Like always, reptiles are probably the biggest draw for me so I especially want to see the thousands of marine iguanas. I’ve seen green iguanas all over the rainforest over the years both in Peru and in Costa Rica, but the marine iguanas look completely different. I also want to snorkle among the sea animals, if possible. Frankly, I’m not a big fan of the water — especially the open ocean — but the opportunity to experience the environment there is probably too much even for me to pass up!
Lastly, the ability to get “up close and personal” with wildlife that has no innate fear of people would be a once-in-a-lifetime experience for someone like me who loves photography and videography. When I finally make it to the Galapagos Islands, you can expect a ton of photos and videos !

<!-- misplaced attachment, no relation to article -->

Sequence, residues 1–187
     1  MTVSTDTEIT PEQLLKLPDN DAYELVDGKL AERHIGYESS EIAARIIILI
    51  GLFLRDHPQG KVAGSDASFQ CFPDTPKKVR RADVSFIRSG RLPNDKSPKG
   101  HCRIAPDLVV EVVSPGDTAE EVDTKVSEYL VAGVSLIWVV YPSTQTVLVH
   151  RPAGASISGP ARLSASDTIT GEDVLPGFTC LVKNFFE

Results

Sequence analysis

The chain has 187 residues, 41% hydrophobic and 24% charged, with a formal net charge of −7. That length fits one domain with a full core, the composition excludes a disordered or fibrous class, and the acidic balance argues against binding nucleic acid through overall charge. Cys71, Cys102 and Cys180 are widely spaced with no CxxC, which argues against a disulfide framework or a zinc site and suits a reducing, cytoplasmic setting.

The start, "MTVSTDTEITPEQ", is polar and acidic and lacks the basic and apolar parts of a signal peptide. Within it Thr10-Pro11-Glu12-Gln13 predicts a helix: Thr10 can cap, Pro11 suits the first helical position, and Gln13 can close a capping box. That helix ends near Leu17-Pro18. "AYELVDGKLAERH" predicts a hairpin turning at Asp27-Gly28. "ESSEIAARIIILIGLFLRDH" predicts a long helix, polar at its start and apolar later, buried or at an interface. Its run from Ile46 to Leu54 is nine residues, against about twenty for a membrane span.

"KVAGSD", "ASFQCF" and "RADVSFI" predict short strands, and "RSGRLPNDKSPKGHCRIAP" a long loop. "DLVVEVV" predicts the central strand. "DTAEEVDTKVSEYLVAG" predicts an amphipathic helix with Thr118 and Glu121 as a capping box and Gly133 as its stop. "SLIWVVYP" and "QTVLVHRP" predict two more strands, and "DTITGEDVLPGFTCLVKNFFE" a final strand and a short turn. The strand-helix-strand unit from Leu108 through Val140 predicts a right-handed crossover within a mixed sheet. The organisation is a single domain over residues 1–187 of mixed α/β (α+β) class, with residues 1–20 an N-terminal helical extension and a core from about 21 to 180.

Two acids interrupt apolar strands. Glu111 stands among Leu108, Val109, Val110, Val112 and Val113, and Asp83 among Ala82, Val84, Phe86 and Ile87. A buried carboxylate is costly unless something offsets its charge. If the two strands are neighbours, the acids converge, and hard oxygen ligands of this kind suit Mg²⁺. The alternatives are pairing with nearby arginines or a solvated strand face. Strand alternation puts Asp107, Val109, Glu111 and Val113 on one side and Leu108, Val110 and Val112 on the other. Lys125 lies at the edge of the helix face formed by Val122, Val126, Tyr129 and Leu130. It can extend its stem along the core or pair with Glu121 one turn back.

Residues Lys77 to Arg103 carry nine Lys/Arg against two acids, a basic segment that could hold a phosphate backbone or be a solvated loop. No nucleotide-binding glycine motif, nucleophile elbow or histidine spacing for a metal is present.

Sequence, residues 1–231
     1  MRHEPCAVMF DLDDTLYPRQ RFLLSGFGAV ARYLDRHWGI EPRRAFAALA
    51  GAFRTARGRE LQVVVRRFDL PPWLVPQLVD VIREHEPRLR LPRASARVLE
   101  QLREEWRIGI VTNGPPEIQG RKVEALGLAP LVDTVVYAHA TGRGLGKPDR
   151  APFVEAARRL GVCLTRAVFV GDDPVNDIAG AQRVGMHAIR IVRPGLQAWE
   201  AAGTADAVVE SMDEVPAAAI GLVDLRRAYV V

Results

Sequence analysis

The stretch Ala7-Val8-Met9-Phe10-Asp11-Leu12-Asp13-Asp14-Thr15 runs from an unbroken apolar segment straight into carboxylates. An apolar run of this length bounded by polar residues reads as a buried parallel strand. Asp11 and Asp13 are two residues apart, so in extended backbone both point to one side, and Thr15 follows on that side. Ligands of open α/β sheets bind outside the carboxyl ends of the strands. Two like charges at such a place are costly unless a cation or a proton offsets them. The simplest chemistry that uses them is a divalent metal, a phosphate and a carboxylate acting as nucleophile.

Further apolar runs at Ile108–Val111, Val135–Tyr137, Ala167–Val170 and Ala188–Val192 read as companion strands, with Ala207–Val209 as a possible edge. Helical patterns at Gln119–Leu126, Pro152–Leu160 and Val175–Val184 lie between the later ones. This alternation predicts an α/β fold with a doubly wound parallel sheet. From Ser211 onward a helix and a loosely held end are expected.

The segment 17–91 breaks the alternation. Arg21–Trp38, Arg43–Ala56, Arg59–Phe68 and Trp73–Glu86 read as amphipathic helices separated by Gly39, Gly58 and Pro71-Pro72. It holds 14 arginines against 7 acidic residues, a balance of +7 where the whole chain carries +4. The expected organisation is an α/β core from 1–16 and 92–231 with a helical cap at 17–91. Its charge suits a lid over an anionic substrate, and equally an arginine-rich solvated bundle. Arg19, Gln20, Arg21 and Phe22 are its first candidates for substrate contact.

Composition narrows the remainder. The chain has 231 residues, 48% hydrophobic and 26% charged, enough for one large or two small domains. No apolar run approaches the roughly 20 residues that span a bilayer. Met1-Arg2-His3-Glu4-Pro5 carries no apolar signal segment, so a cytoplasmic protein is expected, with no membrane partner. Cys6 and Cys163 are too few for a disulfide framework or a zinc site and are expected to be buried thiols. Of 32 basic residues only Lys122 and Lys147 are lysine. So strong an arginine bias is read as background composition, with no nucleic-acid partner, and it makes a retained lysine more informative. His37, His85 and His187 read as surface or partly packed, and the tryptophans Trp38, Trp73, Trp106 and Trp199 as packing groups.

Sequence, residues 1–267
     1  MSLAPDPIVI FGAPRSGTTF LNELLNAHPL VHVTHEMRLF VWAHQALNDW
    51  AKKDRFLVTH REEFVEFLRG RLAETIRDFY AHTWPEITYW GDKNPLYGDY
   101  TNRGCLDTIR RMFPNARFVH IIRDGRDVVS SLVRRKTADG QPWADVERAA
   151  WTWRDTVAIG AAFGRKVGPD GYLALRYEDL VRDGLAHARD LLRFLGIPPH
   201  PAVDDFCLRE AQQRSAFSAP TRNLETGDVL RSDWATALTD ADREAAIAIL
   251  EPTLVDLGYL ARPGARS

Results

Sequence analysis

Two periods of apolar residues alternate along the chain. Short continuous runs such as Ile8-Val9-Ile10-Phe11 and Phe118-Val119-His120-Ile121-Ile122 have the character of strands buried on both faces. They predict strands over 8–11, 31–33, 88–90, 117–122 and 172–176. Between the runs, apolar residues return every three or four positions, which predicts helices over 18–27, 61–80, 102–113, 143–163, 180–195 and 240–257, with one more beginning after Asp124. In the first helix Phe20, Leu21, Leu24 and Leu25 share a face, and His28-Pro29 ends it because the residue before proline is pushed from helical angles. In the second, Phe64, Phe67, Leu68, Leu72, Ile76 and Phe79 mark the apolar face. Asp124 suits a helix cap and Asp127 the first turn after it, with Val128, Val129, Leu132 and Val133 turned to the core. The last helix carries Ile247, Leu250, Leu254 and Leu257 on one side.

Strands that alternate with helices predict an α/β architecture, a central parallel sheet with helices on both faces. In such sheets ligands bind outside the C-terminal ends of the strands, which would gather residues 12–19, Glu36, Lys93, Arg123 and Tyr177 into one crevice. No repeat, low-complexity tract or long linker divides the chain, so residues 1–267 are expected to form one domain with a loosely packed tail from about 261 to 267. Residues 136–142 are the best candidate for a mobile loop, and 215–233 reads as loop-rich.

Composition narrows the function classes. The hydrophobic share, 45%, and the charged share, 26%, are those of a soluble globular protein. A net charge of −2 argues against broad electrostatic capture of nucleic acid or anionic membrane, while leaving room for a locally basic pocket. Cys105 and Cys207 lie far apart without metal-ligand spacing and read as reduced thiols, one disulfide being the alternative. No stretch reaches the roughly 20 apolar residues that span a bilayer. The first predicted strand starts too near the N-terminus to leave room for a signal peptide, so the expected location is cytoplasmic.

Orinoco River (Venezuela) — Few people have heard of the Orinoco, but this 1330-mile long river is the world’s 4th largest in terms of water discharge. It flows from Colombia through Venezuela creating a massive basin of 340,000 square miles covering much of northern South America. Much of it is extremely remote and therein lies the draw of adventure for me. While giant otters and freshwater dolphins can be found in the Orinoco, there’s another animal that really calls to me. I’ve seen countless alligators in my life in the southern United States and even a few small black caiman in the Amazon rainforest, but nothing would compare to Orinico crocodiles. Very rare, these monstrous reptiles number between 250 and 1500 in the wild and are distinguished by their lighter color and elongated snout.